Traversing the DreamscapeAugust 8th, 2007 by John Wolfe
Our nightly slumber provides far more than just physical rest; it allows us to shift our attention away from our daily lives and enter into alternate landscapes and environments. The “rules” within these environments appear to be as strict or as lax as the dreamer chooses- limitations of the imagination serve as the only law of the land. While the stuff dreams are made of seems hazy and vague at best, it’s only our recall (after the fact) that presents us with the problems of remembering the bright, vivid details. While we are actually submersed in the dream, the experience appears as crystal clear as our waking lives.
For most, dreams seem to play out without much input; however lucid dreamers have full control and access over their nightly journeys. They can plan out, alter and mix up their dreams at will. While I’ve never been much of a lucid dreamer, I have had dreams whose vividness rivaled anything I’ve experienced in my physical world.
One dream, in particular, found me being pursued through the back streets of a city in Europe, where I was cornered and shot several times in the stomach. I woke, shaking and sweating with a knot in my stomach and a very real, lingering taste of blood in my mouth- pretty intense for something that’s supposedly a product of the brain. If my brain has the capability to fool me into tasting “dream blood” then imagine what it fools me into believing that I’m seeing, tasting, feeling and touching on a daily basis.
Of course, I believe dreams are far more than gobble-dee-gook our brains are regurgitating. But since dreams do require brain activity, I feel that the brain is a very integral part of the conduit between our spiritual selves and the physical body, whether we’re awake or asleep. It serves as the go-between for interpreting reality, which enables the link up of the big three: mind, body, and spirit.
So, if our consciousness is creating our reality and the brain is the piece that is interpreting it for our physical bodies, what’s to say this same process isn’t occurring when we sleep?
Maybe we are actually shifting into a different reality each time we have a dream. Our physical bodies lay sleeping in bed, while our consciousness is free to expand into other environments, all while our brains are running relay and storing the experiences for us to rationalize away as misty fantasies or wishful thinking the next morning. I believe the dream world illustrates how mysterious and enigmatic consciousness is, making it difficult to say where the ultimate perceiver is truly stationed, in any aspect of our lives.
Now, if we truly are experiencing other forms of reality when we sleep, then what happens to the awareness of our physical body while we’re resting?
In Exploring and Creating our Reality, I spoke about consciousness being defined as awareness. As long we are aware, then we are considered conscious, but how does this play out at nighttime, in the dreamscape? We are conscious during dreams, yet we are not aware of the physical self (and what’s occurring around it) that we usually identify with. What becomes of that identity?
Obviously we can say our body is sleeping on the bed, but what happens to our actual identity? What if the you (that you identify with as your identity) that’s reading this post, right now, ceases to exist when your conscious awareness shifts away during sleep?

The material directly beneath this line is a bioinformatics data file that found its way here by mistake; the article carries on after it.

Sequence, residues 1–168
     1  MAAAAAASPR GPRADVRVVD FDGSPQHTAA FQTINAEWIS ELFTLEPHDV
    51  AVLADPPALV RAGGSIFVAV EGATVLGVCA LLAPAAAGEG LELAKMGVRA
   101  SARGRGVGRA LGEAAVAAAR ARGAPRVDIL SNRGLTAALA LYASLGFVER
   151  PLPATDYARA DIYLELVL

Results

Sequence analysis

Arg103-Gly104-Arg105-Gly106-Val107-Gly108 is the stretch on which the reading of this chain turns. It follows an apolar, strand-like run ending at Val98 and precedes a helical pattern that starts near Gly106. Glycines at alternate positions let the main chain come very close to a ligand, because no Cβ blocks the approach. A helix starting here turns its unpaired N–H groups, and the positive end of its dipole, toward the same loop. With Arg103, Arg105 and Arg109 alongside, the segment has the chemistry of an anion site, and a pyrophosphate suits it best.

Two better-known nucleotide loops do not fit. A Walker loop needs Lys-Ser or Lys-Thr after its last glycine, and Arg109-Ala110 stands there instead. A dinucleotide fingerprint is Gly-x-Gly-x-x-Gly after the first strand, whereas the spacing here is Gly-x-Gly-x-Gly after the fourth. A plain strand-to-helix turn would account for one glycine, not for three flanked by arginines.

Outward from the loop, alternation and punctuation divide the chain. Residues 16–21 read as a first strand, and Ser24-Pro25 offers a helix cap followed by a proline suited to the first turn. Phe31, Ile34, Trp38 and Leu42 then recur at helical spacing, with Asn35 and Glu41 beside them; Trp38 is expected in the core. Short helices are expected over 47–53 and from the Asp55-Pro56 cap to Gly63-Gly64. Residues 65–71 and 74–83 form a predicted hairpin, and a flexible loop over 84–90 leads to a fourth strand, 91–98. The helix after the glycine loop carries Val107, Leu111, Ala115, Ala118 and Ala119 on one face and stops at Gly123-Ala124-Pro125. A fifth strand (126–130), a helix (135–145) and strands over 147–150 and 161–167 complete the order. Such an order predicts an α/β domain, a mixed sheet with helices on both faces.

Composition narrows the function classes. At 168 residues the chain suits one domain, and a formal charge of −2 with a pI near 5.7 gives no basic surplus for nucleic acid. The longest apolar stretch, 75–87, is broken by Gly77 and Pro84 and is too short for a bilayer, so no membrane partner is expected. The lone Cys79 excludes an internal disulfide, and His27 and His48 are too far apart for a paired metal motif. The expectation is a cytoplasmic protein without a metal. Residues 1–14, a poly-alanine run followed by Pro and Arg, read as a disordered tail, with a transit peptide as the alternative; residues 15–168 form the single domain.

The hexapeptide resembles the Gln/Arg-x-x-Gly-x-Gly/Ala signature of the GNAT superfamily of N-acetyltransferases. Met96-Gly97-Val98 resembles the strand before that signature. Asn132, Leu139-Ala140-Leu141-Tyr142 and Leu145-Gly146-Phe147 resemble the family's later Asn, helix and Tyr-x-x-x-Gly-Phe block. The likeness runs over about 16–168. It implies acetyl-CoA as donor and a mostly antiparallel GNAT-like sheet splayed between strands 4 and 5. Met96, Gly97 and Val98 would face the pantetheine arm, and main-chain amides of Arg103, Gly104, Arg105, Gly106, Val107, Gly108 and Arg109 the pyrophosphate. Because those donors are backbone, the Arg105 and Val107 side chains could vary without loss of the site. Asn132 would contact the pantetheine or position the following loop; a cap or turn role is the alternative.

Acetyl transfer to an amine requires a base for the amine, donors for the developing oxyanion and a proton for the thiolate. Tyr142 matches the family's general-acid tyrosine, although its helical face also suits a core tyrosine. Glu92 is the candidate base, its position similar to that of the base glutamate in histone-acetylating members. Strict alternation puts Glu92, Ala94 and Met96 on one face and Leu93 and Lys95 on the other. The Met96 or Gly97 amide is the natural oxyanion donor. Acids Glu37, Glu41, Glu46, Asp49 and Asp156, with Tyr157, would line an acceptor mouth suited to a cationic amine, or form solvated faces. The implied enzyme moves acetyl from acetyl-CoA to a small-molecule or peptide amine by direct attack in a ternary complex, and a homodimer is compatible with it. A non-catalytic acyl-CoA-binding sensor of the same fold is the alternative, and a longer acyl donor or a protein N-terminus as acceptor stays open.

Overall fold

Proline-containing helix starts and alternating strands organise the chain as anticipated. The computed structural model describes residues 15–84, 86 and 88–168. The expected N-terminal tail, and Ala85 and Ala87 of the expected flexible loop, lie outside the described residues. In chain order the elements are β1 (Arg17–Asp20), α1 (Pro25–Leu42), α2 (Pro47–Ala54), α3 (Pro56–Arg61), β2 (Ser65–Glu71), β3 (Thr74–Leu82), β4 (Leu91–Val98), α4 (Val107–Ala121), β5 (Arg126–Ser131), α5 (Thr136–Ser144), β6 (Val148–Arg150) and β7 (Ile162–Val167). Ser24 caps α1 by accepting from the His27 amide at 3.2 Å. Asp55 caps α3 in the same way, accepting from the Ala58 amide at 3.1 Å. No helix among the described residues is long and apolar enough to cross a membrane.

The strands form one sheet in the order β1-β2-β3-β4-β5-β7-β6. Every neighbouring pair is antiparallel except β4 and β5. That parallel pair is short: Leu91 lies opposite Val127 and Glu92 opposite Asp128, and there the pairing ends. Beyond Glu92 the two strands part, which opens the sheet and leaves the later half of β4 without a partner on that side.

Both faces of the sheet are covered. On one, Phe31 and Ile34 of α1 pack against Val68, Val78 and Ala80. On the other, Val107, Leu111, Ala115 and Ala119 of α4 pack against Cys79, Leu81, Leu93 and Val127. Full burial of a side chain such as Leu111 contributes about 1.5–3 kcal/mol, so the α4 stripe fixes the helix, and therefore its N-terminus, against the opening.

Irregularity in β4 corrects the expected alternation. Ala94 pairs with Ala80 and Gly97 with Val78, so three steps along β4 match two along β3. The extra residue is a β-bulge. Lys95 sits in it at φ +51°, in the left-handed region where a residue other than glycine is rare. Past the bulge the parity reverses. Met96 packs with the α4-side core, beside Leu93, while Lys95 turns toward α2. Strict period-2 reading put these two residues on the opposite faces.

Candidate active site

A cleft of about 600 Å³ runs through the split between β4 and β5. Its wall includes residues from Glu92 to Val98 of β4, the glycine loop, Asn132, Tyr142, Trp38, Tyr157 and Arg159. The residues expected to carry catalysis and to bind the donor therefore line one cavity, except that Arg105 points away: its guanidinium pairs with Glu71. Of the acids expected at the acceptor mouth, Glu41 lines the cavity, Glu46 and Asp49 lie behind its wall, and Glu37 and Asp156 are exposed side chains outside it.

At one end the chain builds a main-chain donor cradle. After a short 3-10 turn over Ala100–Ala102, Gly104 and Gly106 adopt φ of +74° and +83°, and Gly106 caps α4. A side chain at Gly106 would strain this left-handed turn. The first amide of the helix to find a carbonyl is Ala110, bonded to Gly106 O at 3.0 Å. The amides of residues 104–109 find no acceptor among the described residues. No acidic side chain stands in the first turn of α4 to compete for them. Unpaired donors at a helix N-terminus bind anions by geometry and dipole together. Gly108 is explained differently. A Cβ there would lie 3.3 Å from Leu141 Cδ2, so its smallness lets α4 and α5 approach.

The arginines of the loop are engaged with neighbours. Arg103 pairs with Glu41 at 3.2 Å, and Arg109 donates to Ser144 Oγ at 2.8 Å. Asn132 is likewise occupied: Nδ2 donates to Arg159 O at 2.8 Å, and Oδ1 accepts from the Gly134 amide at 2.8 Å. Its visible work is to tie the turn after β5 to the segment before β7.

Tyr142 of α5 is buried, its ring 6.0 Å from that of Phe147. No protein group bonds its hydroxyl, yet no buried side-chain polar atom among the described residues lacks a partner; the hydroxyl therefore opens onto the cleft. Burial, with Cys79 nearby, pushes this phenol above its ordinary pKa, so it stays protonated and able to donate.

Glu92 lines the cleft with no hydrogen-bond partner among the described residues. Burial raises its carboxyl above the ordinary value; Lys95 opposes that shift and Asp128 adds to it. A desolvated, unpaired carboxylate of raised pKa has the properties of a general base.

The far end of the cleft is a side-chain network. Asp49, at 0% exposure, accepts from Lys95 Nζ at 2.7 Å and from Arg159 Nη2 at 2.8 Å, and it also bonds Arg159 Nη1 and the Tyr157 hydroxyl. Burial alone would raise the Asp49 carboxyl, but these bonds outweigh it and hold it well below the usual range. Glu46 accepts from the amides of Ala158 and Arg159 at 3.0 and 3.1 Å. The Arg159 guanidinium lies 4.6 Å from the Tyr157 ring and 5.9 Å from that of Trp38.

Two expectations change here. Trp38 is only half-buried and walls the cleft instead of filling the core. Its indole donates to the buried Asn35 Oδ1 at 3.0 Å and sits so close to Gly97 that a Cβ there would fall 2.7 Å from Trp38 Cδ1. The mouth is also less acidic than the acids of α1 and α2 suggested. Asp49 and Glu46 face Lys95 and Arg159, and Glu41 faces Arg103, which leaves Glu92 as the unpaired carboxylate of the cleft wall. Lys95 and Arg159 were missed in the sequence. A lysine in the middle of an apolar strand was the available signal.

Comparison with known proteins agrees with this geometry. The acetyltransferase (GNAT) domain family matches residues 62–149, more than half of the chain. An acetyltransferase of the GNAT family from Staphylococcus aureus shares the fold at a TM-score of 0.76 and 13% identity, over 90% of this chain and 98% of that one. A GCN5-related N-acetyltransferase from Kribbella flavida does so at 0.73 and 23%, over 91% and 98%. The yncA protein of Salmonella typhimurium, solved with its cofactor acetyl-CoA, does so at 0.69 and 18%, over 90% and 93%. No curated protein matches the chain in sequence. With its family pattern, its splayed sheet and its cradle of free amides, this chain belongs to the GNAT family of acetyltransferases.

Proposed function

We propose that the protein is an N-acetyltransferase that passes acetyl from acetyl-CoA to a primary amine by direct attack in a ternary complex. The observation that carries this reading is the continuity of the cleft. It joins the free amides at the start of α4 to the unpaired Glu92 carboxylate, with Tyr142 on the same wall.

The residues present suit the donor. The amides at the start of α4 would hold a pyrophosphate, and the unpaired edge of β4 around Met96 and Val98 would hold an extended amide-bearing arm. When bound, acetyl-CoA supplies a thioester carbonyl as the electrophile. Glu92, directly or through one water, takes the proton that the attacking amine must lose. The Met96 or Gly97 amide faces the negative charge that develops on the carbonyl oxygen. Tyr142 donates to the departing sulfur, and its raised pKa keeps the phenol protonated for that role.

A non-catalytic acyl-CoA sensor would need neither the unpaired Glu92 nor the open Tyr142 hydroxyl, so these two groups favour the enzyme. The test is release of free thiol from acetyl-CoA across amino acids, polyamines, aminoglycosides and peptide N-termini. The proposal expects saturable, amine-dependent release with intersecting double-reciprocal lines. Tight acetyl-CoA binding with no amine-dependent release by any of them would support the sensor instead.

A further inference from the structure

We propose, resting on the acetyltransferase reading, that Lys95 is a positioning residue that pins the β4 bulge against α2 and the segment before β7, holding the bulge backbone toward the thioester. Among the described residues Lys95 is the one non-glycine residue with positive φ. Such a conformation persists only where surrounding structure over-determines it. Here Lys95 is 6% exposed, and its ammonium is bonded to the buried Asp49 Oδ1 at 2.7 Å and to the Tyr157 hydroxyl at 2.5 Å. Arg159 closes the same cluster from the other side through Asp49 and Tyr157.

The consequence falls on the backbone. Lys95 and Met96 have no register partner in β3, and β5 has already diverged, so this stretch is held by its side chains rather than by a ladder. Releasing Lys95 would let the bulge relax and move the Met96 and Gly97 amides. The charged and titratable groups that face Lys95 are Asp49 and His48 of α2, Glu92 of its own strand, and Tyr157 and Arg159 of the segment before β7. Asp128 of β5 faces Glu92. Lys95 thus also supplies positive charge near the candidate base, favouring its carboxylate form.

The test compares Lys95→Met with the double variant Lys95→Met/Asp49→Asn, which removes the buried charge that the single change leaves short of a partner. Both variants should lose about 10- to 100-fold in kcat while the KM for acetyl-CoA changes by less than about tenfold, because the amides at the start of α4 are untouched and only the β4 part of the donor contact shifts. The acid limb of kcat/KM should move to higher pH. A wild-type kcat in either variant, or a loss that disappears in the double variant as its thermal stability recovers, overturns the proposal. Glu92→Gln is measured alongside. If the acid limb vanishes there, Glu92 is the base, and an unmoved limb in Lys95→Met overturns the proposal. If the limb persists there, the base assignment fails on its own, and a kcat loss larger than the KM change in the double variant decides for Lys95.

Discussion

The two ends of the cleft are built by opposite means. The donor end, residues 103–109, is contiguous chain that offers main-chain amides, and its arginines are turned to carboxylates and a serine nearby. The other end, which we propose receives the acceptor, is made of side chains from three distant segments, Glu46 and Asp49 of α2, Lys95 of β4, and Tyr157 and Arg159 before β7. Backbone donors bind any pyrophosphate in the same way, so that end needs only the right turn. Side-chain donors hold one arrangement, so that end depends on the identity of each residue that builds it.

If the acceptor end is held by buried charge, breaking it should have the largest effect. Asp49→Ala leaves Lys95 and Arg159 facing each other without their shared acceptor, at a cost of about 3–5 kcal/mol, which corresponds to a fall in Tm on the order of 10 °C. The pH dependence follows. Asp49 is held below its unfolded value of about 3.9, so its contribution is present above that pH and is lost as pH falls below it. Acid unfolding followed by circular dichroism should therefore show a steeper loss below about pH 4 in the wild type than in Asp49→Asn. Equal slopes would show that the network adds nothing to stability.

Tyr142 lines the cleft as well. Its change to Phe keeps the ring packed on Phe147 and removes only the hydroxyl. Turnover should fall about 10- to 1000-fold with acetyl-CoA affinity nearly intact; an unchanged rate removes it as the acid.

I believe sleep is like mini-death. Each night, as we drift into it, our consciousness withdraws its focus from our physical bodies and resumes its other pursuits. Essentially, other realities take over once we make the shift into the dream world. We are then reborn into the awareness of this physical existence (which we most commonly associate with as our true selves) each morning, when we awaken.
So, if we are dreaming these other existences into being each night or reconnecting with them, then who’s to say there isn’t another perceiver outside of us, dreaming our daily waking lives into being, while it sleeps? In other words, when we think of ourselves as dreaming, our other “selves” are active and when they think of themselves as dreaming, we are the ones that are active in our daily lives.
Perhaps the dreamscape environments we encounter are actual locations, similar to environments on the astral plane. This would appear to be a function of continuous thought energy being directed toward the idea of the location’s existence. If enough individual aspects of consciousness focus on a specific location, then it becomes tangible, whether you’re in the dream world, on the astral plane, or even in the physical environment.
This brings us to a theory that I’ve encountered- that the dream world actually resides within the astral environment. I think this is plausible, since all dreams could be considered forms of unconscious out of body experiences.
I feel that dreams, out of body experiences, near death experiences and the actual death experience all share similar traits and characteristics. Each one is a journey further into consciousness, but to very different extents and “extremes.”
Of course the life experience itself is a journey of consciousness. I don’t want to sound like other spiritual or mystical experiences are special, while life is not. Each experience is unique and special, but to suggest that life is preferential to death or the dream state is better than waking life would be incorrect. There is not one state of being that consciousness ceases to benefit from.
As we continue to acknowledge that consciousness exists in everything and everything exists inside consciousness, it becomes easier to understand why every experience is truly spiritual, mystical and beneficial.
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